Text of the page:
6. angelmeg says

    Gerard Manley Hopkins

    It is possible that you came across this mysterious Jesuit priest’s verse at school and that someone had the dreadful task of trying to explain to you how sprung rhryth worked. Relax: it is like Pamsterston and the Scheswig-Holdstein Question. Only three people in the world understand it, one is dead, the other has gone mad, and the third is me, and I have forgotten.

    Hopkins was a nineteenth-century English-Welsh poet who developed his won metrics. Calling the system ‘sprung rhythm’ he marked his verse with accents, loops and foot divisions to demonstrate how his stresses should fall. Among his prosodic inventions were such devices as ‘outriders’, ‘roving over’ and hanging stress’: these have their counterparts or at least rough equivalents in the sain and lusg that make up cynghandedd, the should system if ancient Welsh poetry, which Hopkins had studied deeply. I am not going to go into them here for two simple reasons: firstly, they make my head ache and secondly, I think they would only be usefully covered in a much more detailed book than this aspires to be. If you really want to get to grips with what he was up to, I recommend a library. His collected letters are available in academic bookshops and university collections, in these he explains to fellow poets like Robert Bridges and Coventry Patmore what he felt he was doing. Personally I find reading his poems a supreme pleasure unless I am trying to figure out their underlying metrical schemes.

    Here is one of his best-known works “Pied Beauty”. YOU ARE STILL READING OUT LOUD AREN’T YOU? GOOD!

    (Link here to Pied Beauty Online)

    “The achiever of , the mastery of the thing!” as he himself wrote of the windhover. I am sure you have seen that most of the words are Anglo-Saxon in origin, very few Latinate, words there at all (counter, original , colour, trout are the only ones I am sure of), the alliteration is fierce throughout though not in the strict bang, bang, bang – crash! Form we say in Langland. (previously studied). You probably don’t need to count syllables to be able to tell that there is no standard metric regularity here. His own accents on ‘áll trádes’ reveal tge importance he places on stress and the unusual nature of its disposition.

    Now read out the opening of “The Nature Is a Heraclitian Fire and of the Comfort of the Resurrection”. The endearing title refers to the Greek philosopher Heraclitus who believed that impermanence, the perpetual flux of all nature, is central to our understanding of existence and that clouds, air, earth and fire, constantly transmute one into the other. The language again is almost entirely Anglo-Saxon in derivation. Hopkins uses virgules to mark the long lines for us into hemistiches.

    Essentially his technique was all about compression: sprung rhythm squeezes out weak or ‘slack syllables’ and condenses the strong stresses, one to each foot, “sprung rhythm makes verse stressy’ he wrote to his brother Everard, ‘it purges it to an emphasis as much brighter, livelier, more lustrous that the regular but commonplace emphasis of common rhythm, as poetry in general is brighter than common speech.’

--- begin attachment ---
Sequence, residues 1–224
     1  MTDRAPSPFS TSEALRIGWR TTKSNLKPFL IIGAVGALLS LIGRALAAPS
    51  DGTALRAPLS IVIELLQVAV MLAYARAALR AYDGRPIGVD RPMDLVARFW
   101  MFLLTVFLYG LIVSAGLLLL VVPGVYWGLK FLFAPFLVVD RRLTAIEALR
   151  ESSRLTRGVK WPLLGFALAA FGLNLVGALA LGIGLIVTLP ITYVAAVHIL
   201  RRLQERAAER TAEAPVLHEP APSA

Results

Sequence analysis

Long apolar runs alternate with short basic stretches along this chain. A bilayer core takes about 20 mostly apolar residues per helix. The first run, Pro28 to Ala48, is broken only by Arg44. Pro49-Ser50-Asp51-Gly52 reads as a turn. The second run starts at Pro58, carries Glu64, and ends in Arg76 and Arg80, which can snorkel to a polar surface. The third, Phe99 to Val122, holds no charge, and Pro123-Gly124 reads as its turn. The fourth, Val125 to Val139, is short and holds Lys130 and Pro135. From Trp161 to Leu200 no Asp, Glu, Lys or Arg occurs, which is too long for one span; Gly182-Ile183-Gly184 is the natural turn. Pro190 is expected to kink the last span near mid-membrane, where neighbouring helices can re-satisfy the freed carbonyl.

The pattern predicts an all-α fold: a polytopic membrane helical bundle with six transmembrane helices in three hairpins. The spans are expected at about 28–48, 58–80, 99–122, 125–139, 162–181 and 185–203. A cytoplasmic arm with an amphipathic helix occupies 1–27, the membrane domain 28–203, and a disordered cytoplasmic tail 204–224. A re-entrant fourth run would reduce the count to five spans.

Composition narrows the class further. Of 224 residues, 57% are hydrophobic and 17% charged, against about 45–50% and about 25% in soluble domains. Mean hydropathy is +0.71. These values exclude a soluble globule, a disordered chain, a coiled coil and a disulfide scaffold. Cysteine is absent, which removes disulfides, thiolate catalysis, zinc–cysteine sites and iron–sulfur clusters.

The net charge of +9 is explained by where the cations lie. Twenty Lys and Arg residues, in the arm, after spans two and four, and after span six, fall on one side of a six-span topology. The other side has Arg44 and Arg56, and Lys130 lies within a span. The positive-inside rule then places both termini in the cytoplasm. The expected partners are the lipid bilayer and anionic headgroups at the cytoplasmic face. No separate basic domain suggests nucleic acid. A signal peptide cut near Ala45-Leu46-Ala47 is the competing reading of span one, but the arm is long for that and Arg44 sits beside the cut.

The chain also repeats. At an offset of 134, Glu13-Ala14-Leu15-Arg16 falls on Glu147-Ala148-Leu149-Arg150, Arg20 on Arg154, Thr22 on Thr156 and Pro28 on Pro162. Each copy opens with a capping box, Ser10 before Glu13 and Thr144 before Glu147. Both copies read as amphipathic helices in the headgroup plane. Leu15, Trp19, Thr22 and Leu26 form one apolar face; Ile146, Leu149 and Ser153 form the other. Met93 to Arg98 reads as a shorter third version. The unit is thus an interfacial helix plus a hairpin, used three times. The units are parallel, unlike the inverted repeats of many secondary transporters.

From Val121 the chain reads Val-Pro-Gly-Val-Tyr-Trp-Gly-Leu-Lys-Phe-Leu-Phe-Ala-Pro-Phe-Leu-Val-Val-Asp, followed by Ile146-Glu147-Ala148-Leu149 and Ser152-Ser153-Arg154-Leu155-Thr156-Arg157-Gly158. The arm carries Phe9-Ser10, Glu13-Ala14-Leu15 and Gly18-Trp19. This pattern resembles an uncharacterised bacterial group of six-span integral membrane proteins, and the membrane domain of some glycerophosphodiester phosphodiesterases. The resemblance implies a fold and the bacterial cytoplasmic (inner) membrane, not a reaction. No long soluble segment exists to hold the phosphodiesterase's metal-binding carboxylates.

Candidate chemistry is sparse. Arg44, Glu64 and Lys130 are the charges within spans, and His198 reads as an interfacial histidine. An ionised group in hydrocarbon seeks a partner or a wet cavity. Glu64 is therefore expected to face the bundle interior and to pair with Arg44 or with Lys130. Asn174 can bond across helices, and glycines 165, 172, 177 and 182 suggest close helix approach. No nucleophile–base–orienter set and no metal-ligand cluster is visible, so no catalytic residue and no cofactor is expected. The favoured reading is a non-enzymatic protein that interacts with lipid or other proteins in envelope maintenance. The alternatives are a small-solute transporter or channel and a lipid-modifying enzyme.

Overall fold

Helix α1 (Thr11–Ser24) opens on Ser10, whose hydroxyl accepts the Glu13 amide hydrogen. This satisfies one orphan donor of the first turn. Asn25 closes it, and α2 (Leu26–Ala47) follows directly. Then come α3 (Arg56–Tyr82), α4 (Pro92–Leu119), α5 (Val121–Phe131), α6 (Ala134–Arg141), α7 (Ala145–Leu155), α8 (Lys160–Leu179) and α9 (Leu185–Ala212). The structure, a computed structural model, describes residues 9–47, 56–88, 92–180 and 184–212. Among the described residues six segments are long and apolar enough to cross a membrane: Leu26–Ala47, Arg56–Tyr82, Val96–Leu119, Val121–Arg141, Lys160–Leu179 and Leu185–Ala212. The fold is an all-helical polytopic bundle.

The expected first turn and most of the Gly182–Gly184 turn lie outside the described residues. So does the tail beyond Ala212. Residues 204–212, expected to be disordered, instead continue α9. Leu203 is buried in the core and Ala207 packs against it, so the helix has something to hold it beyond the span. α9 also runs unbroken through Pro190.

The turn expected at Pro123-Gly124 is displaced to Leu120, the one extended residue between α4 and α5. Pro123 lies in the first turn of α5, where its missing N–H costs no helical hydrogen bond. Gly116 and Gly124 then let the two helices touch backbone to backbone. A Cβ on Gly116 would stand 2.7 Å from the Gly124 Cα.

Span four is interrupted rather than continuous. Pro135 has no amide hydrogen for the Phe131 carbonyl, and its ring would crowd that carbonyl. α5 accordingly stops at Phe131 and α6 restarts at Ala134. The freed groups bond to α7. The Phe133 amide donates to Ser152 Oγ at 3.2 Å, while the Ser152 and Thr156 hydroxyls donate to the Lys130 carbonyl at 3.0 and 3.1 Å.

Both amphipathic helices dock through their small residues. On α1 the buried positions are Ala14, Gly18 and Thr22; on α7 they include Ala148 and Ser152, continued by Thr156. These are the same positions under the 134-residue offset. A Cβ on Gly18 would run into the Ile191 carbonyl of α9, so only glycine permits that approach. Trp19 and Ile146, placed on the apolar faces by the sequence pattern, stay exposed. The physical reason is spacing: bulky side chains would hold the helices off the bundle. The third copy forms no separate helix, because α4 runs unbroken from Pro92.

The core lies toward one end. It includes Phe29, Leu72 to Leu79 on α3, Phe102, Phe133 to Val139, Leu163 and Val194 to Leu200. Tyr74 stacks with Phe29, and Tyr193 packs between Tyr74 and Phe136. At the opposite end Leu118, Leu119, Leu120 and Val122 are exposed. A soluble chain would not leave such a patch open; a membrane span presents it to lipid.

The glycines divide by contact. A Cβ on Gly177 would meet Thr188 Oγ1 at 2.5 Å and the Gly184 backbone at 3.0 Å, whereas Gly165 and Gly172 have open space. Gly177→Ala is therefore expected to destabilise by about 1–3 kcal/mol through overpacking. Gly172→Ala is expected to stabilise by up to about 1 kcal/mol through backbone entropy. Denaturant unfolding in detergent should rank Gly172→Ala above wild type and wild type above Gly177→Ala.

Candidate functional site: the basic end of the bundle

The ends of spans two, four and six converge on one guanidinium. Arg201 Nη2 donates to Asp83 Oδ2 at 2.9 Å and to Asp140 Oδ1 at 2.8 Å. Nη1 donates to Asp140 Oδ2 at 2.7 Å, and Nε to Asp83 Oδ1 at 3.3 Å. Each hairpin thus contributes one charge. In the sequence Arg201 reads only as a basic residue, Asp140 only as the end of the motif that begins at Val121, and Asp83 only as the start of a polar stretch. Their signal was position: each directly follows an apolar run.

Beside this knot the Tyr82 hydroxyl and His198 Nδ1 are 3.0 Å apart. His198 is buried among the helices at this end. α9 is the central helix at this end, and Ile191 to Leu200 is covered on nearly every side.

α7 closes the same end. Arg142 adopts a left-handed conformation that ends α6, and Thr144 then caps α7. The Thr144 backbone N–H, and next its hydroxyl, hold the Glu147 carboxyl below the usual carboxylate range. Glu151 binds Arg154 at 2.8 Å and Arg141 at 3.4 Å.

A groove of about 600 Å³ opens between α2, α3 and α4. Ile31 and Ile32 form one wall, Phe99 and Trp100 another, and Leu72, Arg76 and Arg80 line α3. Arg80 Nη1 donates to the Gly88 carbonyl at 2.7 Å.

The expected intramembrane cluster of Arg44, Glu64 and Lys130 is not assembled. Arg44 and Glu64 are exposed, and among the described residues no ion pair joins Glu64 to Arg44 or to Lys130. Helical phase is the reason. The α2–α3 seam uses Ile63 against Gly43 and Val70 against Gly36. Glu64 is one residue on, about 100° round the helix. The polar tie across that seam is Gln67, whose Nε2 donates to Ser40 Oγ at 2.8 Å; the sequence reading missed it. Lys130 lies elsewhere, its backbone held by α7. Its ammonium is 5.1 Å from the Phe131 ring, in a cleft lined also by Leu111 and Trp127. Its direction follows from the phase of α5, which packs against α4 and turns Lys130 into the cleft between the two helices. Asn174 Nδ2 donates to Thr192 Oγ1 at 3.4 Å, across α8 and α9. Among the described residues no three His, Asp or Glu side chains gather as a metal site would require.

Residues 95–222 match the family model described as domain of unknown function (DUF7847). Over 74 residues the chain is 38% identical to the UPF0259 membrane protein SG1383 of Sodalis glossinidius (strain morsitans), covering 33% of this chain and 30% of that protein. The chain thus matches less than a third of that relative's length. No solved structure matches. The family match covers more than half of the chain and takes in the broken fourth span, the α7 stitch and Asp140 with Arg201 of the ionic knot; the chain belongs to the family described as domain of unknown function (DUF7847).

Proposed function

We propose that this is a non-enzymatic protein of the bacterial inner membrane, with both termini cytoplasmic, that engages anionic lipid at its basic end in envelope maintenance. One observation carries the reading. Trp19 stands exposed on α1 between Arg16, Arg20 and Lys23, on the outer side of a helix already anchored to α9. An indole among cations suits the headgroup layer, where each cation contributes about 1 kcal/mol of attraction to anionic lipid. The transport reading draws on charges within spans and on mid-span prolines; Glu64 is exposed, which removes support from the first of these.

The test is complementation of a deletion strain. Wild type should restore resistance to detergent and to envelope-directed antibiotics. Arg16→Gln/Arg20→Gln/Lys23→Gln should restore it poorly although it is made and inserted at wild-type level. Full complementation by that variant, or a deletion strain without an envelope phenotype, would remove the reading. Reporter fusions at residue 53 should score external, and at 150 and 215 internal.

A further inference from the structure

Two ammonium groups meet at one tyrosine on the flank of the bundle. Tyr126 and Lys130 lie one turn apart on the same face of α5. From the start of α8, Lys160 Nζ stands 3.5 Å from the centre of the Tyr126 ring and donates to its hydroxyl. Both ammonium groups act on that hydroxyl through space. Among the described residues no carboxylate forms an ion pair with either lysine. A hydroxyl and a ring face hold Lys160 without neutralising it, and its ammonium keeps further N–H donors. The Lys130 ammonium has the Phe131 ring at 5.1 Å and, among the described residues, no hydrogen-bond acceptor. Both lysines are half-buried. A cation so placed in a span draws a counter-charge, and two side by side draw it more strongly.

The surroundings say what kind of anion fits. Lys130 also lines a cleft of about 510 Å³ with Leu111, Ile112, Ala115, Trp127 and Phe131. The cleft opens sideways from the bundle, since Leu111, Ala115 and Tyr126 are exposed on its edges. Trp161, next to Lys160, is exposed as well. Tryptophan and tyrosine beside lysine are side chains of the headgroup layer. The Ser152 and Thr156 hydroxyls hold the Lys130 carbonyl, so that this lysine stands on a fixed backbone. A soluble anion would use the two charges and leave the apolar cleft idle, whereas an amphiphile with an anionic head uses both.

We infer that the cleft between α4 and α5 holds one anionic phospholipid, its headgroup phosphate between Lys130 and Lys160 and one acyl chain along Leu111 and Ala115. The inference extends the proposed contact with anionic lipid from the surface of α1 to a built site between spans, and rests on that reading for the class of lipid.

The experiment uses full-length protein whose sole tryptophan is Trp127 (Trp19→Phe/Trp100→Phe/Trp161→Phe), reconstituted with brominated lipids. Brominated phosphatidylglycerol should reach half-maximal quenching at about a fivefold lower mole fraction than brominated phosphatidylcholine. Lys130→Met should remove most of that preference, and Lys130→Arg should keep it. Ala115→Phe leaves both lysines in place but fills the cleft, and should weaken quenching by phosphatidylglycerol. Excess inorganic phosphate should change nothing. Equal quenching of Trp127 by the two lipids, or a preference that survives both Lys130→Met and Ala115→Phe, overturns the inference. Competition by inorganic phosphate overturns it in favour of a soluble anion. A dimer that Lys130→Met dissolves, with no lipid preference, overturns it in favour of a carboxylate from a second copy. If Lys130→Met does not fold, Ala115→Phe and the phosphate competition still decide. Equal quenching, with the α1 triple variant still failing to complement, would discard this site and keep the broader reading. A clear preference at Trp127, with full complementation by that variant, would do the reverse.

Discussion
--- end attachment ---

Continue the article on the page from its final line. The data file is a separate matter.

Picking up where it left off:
The manner was designed to create an outward, poetic form (‘instress’) that mirrored what he saw as the ‘inscape’ of the world. He said in a letter to Patmore that stress is ‘the making of a thing more or making it markedly, what it already is; it is the bringing out its nature.’ His sense of instress and inscape is not unlike the medieval idea of haecceiety or ‘thisness’ and the later modernist obsession with quiddity (‘whatness’). If such exquisite words are leaving you all of a doo-dah, it is worth remembering that for those of us with a high doctrine of poetry, the art is precisely concerned with precision, exactly about the exact, fundamentally found in the fundamental, concretely concrete, radically rooted in the thissness and whatness of everything. Poets, like painters, look hard for the exact nature of things and feelings, what they really really are. Just as painters in the late nineteenth and early twentieth century tried to move their form on, tried to find new ways to represent the ‘concrete flux of interpenetrating intensities’ that T. E. Hulme sawa as reality, so Hopkins attempted to create a prosodic scheme that went beyond the calm, regular certainties of iambs and anapaests (‘running rhythms’ as he called traditional metrics) in order to find a system that mirrored the (for him) overwhelming complexity, density and richness of nature. How they mocked Cezanne, ,and Matisse for their pretension and oddity, yet how truthful to us their representations of nature now seem. The idiosyncrasy of Hopkins is likewise apparent, yet how can argue with such a concrete realization of the skies? ‘Cloud puffballs, torn tufts, tossed pillows . . .’ The density and relentless energy of his stresses and word-yokings are his way of relaying to use the density and relentless energy of experience. There is nothing ‘primitivist’, ‘folksy’ or’naïve’ in Hopkins’s appropriation of indigenous, pre-Renaissance poetics, his verse strikes our ear as powerfully modern, complex and tense. ‘No doubt my poetry errs on the side of oddness’ he wrote to Bridges in 1879, ‘It is the vise of distinctiveness to become queer. This vice I cannot have escaped.’

    Excerpted From “The Ode Less Traveled: Unlocking the Poet Within” by Steven Fry p106-109

    nothing specifically about our poem, but he does love the poet.

  7. angelmeg says

    BTW: I finished the book this afternoon, after a sufficient period of mourning for the lost souls I will post my reflections on the work.

    I found it very moving.